Ok I am kinda of new to kayak touring so please bare with me. I have a question about going on a trip. If you want to paddle a river which flows one way, and you drive the starting point which we will call point A. You get your gear, boat, and etc out and set off on the river. You paddle down the river and arrive at your destination which is point B. If you don’t want to paddle upstream and there is no local outfitter nearby how do you return with your kayak and gear back to point A to get to your car? What do most people do?
Drive two cars
This is what made me stop river kayaking. I got tired of the logistics involved in making the trips work.
good friends are for. Otherwise if on my own will paddle upstream as far as I feel like then drift and paddle back to the truck.
hitchhiking has worked for me.
the old fashioned ‘thumb’.
How hard is it to just paddle back up the stream?
I don’t usually look at profiles,
…but I looked to see where you are located.
In your neck of the woods there are tons of rivers, (about 90%) where you can paddle up stream and then back.
We always start upstream, and paddle for two thirds of the day, then turn and return.
Almost all of the springs runs can be done this way, and almost all of the tidal rivers.
Some good ones are the Myakka River, and the Turner River.
Cheers, and stay happy!
no not here
I am thinking about paddling up near the canadian border and might move out there. I know there are alot of places to paddle in florida and only one or two have rapids. However the bugs, overcrowding, gators snakes, and noise(esp where i live) doesn’t make it the most favorable place to go kayak touring.
rule (as mentioned before) is to paddle 3/4 of the time upstream , then paddle back downstream. This will not work on tidal rivers unless ya time it right I suppose.
Ever hear of “Black Flies”?
You will appreciate mosquitoes, and no-seeums, after they get through with you!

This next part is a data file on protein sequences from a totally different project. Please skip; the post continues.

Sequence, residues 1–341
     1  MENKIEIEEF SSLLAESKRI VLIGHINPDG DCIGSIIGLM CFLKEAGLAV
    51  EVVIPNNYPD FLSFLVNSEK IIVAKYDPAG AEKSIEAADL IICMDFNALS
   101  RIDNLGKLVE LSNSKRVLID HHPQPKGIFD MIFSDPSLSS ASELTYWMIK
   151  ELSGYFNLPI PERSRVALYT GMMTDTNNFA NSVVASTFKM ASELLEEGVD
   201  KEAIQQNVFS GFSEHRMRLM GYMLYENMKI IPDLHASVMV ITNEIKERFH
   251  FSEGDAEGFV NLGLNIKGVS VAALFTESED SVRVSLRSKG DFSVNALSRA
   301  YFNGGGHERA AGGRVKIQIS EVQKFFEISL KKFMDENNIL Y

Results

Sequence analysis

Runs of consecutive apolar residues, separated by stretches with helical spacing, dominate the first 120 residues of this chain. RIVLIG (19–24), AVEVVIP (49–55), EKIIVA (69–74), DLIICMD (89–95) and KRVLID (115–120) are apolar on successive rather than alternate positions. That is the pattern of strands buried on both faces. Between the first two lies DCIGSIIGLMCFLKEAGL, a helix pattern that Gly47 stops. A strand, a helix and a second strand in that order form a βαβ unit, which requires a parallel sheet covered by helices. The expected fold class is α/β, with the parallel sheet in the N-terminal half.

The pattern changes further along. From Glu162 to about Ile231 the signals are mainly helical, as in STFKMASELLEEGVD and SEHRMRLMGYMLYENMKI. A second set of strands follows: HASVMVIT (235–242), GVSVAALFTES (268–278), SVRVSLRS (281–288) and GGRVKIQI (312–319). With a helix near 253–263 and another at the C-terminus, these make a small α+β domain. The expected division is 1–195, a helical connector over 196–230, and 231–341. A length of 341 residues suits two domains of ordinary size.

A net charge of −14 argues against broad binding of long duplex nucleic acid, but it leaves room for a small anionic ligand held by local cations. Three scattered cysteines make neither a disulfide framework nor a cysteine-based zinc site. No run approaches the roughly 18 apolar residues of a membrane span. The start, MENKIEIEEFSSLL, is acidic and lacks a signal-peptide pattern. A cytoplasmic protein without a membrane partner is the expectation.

Cheers and stay happy!
I haven’t done this with kayaks. But I’ve done tons of it on linear hikes. Drop the bike at the take out, drive to the put in. At the end, ride the bike to retrieve the car.
My bike is far from a clunker (I race it), but I’m not too worry about losing it. It helps to think for a moment on HOW one might lose a bike:
- Some one purposely stole it:
Not likely. First, the bike is locked to a tree or post. So whoever comes along must have a cable cutter handy and have vehicle capable of transporting a bike. Not every tourist have both. The trailheads I usually leave it at have little traffic at all. Chance of a “bad” character amongst them I think is even smaller.
- Some mischieving kids pick the lock for fun and took it for a joy ride or with intention to sell it for a few bucks.
Not too likely either. I usually take the front skewer out of the wheel and carry it with me. So the bike is not ridable, and whoever took it MUST have a car/truck that can haul the bike away (same goes with boat). Plus, it’s a road bike with drop handle bar. Most kids only want mtn bikes. It also helps that my bike is black instead of the more flashy red/white color. So it doesn’t stand out in amongst the trees.
Now, think about a boat. I’d lock it by passing the cable through the seat and take the paddle with me. Now the boat has no paddle and a lock. It again take a cable cutter (or some tools to remove the seat), plus a roof rack to haul it away. How many people who arrive at that take out has both handy? Apart from fellow paddlers, I’d say none. If the answer is YES, don’t do that. But I bet 90% of take outs are pretty low traffic and darn safe.
When all else fails, there’s home owners insurance. I’ve not have to use them so far.